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Angus' lucky escape after traumatic impalement injury.

Updated: Nov 9, 2022

Last week we had a phone call from some very worried owners. Their beloved German Wire-haired Pointer Angus had somehow managed to jump on to a metal stake in a ditch. Our vet Will, assisted by trainee nurse Lindsey rushed out to the field he was in and met Angus' owners there to try and rescue him from the metal stake and bring him in to the surgery. At this point it wasn't clear how far in the stake had gone so Will and Lindsey had to be very careful when moving Angus, in case the stake had punctured any vital organs.

The following images may be upsetting but we wanted to show the extent of his injuries to highlight how lucky Angus is to be alive and back home with his family.

Angus was in a life threatening condition so our team worked as quickly as possible to save his life.

The rest of our team were waiting for Angus' arrival and as soon as Will and Lindsey arrived back at the surgery we immediately began to try and stabilise his condition. It was clear the metal stake had gone in to his chest but at this point we still didn't know how long it was so we proceeded to x-ray him to figure out if there was any damage.

These xrays show that the stake had gone in to his chest near his armpit and through his diaphragm into his abdomen. It was clear the only way to save his life was to proceed to surgery and perform a thoracotomy - this means we had to open his chest.

Angus was prepared for surgery straight away and transferred to theatre so we could begin the operation.

Open chest surgery comes with lots of risks and during the surgery we had to manually take over his breathing as once the chest is open, the lungs can not inflate on their own. We had a team of experienced registered veterinary nurses monitoring his anaesthetic and breathing for him via his anaesthetic tubing.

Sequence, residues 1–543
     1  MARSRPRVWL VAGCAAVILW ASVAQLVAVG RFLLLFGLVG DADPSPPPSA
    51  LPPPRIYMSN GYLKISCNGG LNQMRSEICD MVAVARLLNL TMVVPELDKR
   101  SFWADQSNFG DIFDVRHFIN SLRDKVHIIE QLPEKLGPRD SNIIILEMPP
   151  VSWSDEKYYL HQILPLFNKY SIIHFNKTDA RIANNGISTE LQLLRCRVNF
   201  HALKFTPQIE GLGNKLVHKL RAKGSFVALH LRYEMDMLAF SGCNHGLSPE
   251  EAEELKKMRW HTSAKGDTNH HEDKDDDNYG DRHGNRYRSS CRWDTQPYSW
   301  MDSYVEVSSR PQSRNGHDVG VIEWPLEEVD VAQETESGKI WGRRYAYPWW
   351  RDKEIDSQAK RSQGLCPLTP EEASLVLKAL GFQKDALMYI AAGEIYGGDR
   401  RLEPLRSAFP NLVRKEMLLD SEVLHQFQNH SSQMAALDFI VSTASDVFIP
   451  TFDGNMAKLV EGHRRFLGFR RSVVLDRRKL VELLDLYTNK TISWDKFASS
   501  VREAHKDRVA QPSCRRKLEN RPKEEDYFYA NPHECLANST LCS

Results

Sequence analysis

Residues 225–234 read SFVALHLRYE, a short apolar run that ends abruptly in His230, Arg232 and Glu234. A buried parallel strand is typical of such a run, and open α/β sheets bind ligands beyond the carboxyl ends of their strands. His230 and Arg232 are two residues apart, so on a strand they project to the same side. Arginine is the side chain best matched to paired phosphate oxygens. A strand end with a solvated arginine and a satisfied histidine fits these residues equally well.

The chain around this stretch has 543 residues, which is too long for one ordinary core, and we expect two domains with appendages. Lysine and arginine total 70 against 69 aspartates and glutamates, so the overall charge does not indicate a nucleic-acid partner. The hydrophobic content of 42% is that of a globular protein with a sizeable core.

Will was relieved to find that the metal stake had not punctured his vital organs and the injuries were to tissues that could be repaired. The stake was removed once the damage and bleeding had been controlled. Angus had to have a chest drain placed so that we could remove the air and fluid that had built up in his chest as a result of the injury.

Angus was under intensive care following the surgery and required lots of strong pain relief. He was in our ward for 8 days being closely monitored and cared for by our vets and nursing team. His owners visited every day to encourage him to eat and cheer him up. It was wonderful to see that every day he got a little bit better and soon enough he was well enough to go home.

Angus is incredibly lucky to be alive and he wouldn't be without the surgery carried out by Will and the nursing team. Our 24 hour hospital meant that Angus didn't need to be transferred elsewhere and so he had continuous care here at Donnington Grove.

To read more about Angus' story click this link to see the Newbury Weekly News Article


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